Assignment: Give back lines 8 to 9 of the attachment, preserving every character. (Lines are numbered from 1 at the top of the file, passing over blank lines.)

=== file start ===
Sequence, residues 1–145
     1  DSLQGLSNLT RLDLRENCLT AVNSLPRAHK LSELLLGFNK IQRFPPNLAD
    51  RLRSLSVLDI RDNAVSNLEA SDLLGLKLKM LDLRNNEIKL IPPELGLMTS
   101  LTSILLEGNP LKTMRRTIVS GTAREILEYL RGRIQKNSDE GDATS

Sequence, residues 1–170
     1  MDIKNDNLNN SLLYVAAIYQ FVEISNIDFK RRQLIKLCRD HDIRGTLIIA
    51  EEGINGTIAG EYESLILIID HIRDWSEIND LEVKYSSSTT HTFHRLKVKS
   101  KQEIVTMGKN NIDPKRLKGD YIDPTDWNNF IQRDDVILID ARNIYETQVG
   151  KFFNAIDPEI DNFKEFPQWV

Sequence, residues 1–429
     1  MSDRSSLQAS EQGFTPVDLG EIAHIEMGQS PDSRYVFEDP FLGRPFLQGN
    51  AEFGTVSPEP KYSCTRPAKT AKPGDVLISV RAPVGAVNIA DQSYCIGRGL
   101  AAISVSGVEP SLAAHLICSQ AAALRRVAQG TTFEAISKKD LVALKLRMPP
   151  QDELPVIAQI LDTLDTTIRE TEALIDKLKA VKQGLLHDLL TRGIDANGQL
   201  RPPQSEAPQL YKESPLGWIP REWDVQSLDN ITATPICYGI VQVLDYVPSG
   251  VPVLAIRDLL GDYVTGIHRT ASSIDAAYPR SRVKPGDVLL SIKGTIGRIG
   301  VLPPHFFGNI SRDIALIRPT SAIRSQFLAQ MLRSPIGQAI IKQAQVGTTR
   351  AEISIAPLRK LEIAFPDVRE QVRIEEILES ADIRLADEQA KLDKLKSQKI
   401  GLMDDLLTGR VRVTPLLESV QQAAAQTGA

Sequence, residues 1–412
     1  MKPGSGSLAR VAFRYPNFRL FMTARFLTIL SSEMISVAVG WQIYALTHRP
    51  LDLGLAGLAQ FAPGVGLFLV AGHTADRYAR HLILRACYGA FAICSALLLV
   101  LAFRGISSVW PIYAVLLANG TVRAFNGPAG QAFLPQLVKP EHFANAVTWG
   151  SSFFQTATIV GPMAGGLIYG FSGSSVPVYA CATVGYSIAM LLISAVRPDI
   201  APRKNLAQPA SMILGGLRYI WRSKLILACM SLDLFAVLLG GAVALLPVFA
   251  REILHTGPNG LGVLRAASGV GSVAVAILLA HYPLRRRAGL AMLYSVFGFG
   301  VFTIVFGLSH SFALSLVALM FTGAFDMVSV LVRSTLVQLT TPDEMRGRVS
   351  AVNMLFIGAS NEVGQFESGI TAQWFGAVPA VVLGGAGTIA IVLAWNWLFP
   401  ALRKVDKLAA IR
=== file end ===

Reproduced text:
   101  KQEIVTMGKN NIDPKRLKGD YIDPTDWNNF IQRDDVILID ARNIYETQVG
   151  KFFNAIDPEI DNFKEFPQWV